Some scientists are beginning to reconsider the concept of dark energy. Christians can learn a few things from this possible change.
Dark energy is described in various ways. Here is the Wikipedia description:
“In physical cosmology & astronomy dark energy is a hypothetical form of energy that permeates all of space and tends to increase the rate of expansion of the universe. Dark energy is the most popular way to explain recent observations that the universe appears to be expanding at an accelerating rate. In the standard model of cosmology, dark energy currently accounts for 74% of the total mass-energy of the universe.”
Physicsworld.com says it this way:
“New evidence has confirmed that the expansion of the universe is accelerating under the influence of a gravitationally repulsive form of energy that makes up two-thirds of the cosmos.”
Dark energy has never been seen, tested or adequately demonstrated. It has been required however to make other measurements fit the accepted norm. It has been a very widely accepted theory for the past 11 years or so. Where did it come from? It arose because something was amiss in the calculations of the size and rate of expansion of the universe. If the universe was really accelerating its expansion then there had to be some other “thing” causing it. Since no one knew of any other “thing” causing it, science created it and called the new “thing” “dark energy.” That is an extremely simplistic explanation but is, I believe, painfully true.
What A Move Away from Dark Energy Shows
To be fair, dark energy has never achieved the widespread acceptance that evolution has. In fact, most people are not even aware of this theorized component of the universe. Children are not routinely taught about dark energy in grade school and boards of education do not battle over its inclusion in textbooks. However it is, nonetheless, a part of the foundation of science along with other supporting theories. All of this is now being re-considered in light of better and stronger scholarship.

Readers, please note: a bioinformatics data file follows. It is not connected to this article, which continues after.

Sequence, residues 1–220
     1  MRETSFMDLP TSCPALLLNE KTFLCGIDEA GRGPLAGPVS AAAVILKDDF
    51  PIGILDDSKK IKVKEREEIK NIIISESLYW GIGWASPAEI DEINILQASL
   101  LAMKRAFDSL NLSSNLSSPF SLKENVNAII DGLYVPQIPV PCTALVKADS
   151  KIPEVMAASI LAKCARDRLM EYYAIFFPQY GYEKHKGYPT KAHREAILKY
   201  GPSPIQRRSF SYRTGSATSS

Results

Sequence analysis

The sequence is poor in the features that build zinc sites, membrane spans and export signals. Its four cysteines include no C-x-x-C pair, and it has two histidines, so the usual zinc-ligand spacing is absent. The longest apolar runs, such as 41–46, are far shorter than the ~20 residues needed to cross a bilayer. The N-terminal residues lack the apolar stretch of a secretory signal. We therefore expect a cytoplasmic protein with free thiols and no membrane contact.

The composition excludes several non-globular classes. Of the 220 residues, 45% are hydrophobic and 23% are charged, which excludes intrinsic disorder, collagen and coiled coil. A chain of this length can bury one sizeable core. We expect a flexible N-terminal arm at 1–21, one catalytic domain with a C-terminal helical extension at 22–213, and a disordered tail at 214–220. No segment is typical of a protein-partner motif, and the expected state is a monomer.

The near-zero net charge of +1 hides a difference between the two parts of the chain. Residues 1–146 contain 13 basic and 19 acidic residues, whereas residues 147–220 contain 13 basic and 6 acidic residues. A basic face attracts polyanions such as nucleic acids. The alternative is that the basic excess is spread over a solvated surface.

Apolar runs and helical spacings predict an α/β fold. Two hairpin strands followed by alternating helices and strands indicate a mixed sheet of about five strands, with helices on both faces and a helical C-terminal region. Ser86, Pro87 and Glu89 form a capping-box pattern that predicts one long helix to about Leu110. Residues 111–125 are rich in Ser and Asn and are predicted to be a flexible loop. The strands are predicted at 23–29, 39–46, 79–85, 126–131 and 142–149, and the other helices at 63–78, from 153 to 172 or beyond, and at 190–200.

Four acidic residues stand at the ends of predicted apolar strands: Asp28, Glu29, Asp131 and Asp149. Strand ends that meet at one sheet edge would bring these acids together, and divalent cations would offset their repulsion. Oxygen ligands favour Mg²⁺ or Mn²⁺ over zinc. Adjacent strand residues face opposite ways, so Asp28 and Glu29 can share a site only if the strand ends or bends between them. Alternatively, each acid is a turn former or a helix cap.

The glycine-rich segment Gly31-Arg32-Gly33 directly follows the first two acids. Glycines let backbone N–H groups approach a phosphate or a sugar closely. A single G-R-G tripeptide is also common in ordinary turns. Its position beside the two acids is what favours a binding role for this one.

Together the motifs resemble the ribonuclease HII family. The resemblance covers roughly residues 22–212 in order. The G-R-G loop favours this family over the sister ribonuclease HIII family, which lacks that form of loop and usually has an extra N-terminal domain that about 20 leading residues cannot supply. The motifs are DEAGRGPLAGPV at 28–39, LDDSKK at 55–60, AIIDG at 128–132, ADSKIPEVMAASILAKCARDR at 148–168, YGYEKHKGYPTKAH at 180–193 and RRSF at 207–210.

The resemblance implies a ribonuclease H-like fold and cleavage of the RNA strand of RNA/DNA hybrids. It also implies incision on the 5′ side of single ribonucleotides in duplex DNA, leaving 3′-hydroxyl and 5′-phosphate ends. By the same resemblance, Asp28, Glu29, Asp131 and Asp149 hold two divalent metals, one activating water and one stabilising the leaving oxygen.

Should dark energy eventually end up on the trash heap of rejected scientific theories it will remind us of a few vital facts.
Science is not infallible. Science must be understood as an ever evolving process whereby theories are constantly challenged and subject to modification or outright rejection when new information becomes available.
Science can and must change. The true scientist will never hold so closely to his pet theory that he is unwilling to change it. To be ethical, professional and honorable scientists must be always willing to take a second look and discard their previous thinking. In reality, there is no such thing as having the “last word” in a scientific discussion.
Science must never be arrogant. Science has brought untold benefits to humanity and will continue to do so. But because change lies at the heart of science its practitioners must never assume that they alone are the sole keepers of knowledge.
Science and Religion Both Are Faith-Based. Although dark energy was never seen or directly tested scientists believed it existed. To borrow a Bible phrase, their belief was the “the conviction of things not seen“ (Hebrews 11:1). Now, rave and complain as they may, at the end of the day certain things must be assumed or accepted. Dark energy was one of them.
Religion does not change. Jesus Christ died “once for all” (Hebrews 9:28; Hebrews 10:10; 1 Peter 3:18). Our faith was “once for all” delivered unto us (Jude 3). While religion and faith certainly do change, they ought not. God has given us all we need and man cannot improve upon it.
I do not know what will happen with the dark energy debate. Much research and study remains. Even if it is completely discarded many will still cling to the supposed infallibility of science. But the mere fact that it is possibly changing helps us put science and research into a proper place. I am not anti-science. I spent 10 years working on the cutting edge of medical science as an RN in critical care and cardiac nursing. But we must understand that science really does have serious limitations. That’s a lesson many scientists who are quick to ridicule religion ought to learn.
References ↑1 Timothy Clifton and Pedro G. Ferreira, Scientific American, April, 2009, Vol. 300, #4, pg. 48 ↑2 ibid